Church of St Anthony was built in the second half of the thirteenth or at the very beginning of the fourteenth century. It was reconstructed several times. In the eighteenth century, the windows were enlarged, the west wall was rebuilt and a tower was built in a half-timbered construction, which was next crowned with a spire in 1837. The building suffered during the Second World War, but reconstruction was started already in 1946. At that time it was again consecrated under the invocation of Saint Anthony of Padua. In 1967, permission was issued to dismantle the half-timbered tower, which was replaced with a small, tin turret, above the roof in the western part of the nave.
The church was laid out on a rectangular plan with a narrow chancel on the east side. The walls were built of granite blocks arranged in 24 layers and covered with a gable roof, slightly lower than on the chancel. The entrance to the church was located in the southern wall of the nave, the second portal was also, slightly unusual, on the northern side.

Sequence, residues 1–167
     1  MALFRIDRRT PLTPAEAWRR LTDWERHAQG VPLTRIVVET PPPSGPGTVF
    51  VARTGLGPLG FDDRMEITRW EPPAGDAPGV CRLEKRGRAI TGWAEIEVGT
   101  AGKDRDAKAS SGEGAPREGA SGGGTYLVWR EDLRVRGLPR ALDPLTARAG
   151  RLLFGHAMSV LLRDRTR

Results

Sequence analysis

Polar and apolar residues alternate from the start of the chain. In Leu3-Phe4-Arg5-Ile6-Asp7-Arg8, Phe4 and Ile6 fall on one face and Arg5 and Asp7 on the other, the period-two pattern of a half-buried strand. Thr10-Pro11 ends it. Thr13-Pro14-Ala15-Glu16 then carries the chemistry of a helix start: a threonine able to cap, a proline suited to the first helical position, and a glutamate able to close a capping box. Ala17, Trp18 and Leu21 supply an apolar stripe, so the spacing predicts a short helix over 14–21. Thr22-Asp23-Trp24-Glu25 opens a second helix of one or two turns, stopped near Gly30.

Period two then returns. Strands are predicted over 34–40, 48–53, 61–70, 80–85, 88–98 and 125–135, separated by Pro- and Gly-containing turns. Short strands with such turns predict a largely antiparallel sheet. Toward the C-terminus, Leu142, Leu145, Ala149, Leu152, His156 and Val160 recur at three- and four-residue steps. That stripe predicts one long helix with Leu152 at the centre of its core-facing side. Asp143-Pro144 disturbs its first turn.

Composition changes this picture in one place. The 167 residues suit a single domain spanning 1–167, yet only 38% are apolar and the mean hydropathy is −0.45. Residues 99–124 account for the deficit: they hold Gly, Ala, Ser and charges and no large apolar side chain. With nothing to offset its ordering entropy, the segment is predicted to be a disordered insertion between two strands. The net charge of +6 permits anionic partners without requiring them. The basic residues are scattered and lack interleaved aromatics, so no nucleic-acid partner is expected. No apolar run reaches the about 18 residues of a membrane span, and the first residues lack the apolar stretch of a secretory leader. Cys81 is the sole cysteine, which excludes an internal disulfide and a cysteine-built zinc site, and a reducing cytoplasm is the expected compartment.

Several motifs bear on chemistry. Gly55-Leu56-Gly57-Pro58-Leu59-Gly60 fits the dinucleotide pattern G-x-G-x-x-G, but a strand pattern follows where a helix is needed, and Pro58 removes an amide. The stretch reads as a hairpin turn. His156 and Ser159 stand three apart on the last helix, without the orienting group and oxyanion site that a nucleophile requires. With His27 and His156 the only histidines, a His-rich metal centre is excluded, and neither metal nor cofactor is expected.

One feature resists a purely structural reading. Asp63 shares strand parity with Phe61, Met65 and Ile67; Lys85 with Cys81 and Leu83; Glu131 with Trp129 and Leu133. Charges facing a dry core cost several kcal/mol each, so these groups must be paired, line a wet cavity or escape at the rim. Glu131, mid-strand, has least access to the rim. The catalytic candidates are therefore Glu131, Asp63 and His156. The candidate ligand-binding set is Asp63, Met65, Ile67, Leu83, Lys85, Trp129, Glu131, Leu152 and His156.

The church has partially lost its original medieval character, mainly due to the enlarged window openings. The northern entrance portal has ceased to function, today its walled up relic has been only preserved. The buttresses surrounding part of the nave walls and the western wall also come from the church early modern reconstruction period. In the walls of the nave, you can still see the remains of old window recesses in the form of narrow wallings.
Pilch J., Kowalski S., Leksykon zabytków Pomorza Zachodniego i ziemi lubuskiej, Warszawa 2012.
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